The Dangers of Periodontal Disease

Do your gums bleed when you brush your teeth? Do you catch yourself needing  a mint throughout the day? These things are common, but not are big signs of a problem lurking in your mouth. Most people recognize the importance of taking care of their teeth, however taking care of your gums – the actual tissue holding your teeth into place – is also important. When infection settles into the gums, we call that periodontal disease, and it is extremely common. According to the American Dental Association, 75% of adult patients have some form of periodontal (or gum) disease. That  doesn’t mean that it is no big deal. There are some major health issues that may arise from periodontal disease, including:

  • Heart disease
  • Stroke
  • Diabetes
  • Stomach ulcers
  • Osteoporosis
  • Obesity
  • Pneumonia and other respiratory diseases
  • Chronic kidney disease
  • Difficulties during pregnancy, early term births, and low birth weights
  • And many others!

Recent studies suggest that pregnant women with gum disease are seven times more likely to deliver preterm, low birth weight babies. New research finds that men with gum disease have a higher risk of certain cancers: men which gum disease are 49% more likely to develop kidney cancer, 54% more likely to develop pancreatic cancer, and 30% more likely to develop blood cancers. For this reason, periodontal disease can be the first warning sign of the body being out of balance leading to more serious problems.

There are also additional factors that may lead to a higher risk of gum disease.  These include smoking or chewing tobacco, puberty and menopause in women, pregnancy, stress or depression, clenching or grinding your teeth, diabetes, osteoporosis, poor nutrition and diet, obesity, even some medications.  

Some of the warning signs you should look for:

  1. Do your gums bleed easily?
  2. Are your gums red, swollen, or tender?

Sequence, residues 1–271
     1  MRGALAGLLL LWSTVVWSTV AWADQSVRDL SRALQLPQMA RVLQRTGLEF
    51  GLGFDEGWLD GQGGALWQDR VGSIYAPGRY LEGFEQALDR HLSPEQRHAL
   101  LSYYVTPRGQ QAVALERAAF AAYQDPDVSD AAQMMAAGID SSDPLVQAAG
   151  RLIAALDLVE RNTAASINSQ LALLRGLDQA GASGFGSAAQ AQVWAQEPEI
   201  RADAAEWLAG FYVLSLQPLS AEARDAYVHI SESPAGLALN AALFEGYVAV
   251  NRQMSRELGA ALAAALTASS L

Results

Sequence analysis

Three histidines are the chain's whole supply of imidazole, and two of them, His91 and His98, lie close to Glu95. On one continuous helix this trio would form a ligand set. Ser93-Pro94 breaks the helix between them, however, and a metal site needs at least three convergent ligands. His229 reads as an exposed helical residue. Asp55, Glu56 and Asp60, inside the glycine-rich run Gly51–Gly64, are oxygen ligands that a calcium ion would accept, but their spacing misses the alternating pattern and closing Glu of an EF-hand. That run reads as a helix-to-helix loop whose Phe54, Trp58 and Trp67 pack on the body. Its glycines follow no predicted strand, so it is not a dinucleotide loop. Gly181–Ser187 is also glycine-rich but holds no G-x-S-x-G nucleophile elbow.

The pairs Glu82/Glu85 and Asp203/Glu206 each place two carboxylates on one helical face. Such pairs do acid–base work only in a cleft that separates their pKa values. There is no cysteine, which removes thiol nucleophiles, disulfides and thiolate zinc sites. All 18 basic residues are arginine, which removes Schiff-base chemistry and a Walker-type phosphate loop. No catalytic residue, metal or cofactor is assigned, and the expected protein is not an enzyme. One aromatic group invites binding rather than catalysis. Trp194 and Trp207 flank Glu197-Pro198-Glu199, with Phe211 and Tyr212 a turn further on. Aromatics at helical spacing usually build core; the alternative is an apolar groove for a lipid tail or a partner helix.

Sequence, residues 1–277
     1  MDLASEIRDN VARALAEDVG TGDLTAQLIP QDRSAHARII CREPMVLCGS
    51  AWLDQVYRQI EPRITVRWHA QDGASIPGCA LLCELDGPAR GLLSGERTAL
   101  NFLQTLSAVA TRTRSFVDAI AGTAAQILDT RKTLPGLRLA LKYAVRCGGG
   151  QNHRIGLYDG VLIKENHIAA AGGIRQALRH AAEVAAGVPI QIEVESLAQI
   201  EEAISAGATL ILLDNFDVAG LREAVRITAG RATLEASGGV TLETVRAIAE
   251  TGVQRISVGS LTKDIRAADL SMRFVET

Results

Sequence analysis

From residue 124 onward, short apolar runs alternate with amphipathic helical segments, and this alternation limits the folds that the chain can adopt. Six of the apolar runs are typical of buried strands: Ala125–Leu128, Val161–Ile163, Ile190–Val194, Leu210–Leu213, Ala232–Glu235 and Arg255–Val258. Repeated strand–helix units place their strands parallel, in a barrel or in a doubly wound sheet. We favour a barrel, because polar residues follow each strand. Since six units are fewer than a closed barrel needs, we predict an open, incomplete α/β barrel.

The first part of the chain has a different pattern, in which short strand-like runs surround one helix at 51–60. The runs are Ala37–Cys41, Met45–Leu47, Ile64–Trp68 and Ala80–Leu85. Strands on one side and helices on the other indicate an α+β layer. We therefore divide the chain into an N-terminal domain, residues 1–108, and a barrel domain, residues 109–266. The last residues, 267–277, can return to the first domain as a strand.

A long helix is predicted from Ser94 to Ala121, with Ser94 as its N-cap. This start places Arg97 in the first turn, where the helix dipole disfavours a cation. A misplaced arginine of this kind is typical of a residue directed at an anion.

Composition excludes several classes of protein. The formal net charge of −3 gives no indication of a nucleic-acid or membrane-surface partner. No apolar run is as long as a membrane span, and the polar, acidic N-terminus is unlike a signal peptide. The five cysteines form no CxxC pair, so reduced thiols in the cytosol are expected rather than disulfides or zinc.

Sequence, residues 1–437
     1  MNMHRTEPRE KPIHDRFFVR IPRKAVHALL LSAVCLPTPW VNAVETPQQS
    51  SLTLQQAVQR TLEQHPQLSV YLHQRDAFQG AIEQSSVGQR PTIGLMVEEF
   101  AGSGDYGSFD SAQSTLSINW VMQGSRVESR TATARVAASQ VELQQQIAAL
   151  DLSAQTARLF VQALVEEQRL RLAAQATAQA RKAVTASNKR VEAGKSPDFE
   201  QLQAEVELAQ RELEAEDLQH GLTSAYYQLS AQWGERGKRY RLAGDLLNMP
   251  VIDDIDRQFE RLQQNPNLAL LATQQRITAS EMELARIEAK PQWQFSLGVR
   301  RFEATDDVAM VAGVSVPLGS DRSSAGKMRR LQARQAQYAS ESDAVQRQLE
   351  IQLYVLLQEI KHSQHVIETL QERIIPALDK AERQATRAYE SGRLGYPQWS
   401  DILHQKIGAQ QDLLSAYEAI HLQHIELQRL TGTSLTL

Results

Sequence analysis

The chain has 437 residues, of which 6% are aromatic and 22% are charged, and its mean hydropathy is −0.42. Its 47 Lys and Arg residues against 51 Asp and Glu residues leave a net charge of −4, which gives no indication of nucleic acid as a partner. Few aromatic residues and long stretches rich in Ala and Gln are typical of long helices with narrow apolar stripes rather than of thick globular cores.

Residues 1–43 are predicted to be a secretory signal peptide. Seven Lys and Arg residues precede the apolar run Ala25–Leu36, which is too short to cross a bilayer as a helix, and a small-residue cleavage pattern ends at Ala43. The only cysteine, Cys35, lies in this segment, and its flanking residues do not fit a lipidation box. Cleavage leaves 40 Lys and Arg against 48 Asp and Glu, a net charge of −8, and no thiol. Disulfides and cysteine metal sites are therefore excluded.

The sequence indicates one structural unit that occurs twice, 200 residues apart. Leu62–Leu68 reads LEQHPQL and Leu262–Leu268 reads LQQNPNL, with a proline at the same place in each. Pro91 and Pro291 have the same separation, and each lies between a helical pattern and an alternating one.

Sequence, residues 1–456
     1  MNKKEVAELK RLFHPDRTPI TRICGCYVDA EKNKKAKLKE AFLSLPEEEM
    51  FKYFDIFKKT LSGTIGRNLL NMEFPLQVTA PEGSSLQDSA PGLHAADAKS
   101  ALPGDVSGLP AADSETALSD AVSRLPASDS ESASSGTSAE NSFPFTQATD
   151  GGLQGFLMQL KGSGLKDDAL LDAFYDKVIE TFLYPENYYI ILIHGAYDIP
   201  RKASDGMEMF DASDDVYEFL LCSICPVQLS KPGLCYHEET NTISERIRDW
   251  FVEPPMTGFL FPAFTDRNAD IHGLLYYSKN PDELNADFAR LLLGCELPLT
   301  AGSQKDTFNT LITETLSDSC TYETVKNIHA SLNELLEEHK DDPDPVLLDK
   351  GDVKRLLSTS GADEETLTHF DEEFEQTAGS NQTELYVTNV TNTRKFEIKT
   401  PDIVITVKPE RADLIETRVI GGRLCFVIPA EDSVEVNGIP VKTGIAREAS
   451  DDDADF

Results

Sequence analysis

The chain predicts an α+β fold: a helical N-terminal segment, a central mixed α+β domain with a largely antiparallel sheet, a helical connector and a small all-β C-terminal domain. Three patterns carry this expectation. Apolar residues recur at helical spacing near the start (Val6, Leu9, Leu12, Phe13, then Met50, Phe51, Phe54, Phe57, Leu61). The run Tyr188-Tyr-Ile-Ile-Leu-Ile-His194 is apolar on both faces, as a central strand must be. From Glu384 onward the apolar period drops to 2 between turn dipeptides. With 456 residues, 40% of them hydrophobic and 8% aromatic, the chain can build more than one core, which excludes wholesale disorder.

3. Have your gums pulled away from your teeth?
  4. Do you have severe bad breath and bad breath that just won’t go away?
  5. Do you have a constant bad taste in your mouth?
  6. Do you have teeth that are loose or separating?
  7. Has there been any change in the way your teeth fit together when you bite down?
  8. Have you had any change in the fit of your dentures?

If you said yes to any of these questions, it’s time to visit your dentist!

Good Oral Health is the “Gateway” to Overall Good Health

If your mouth is healthy, there is a high probability your overall health is good, too. On the other hand, if you have poor dental health, it may be an indication of other health problems, such as the following:

  • Bad breath and bleeding gums can be an indication of diabetes;
  • Dental x-rays may show the first stages of bone loss, arthritis, and/or osteoporosis;
  • Open lesions or other signs of oral and dental infections can be an indication of heart disease or HIV.

Research shows that more than 90 percent of all systemic diseases have oral manifestations such as swollen gums, dry mouth, swollen gums or other gum problems. These diseases include some of the following:

  • Diabetes
  • Leukemia
  • Oral cancer
  • Pancreatic cancer
  • Heart disease
  • Kidney disease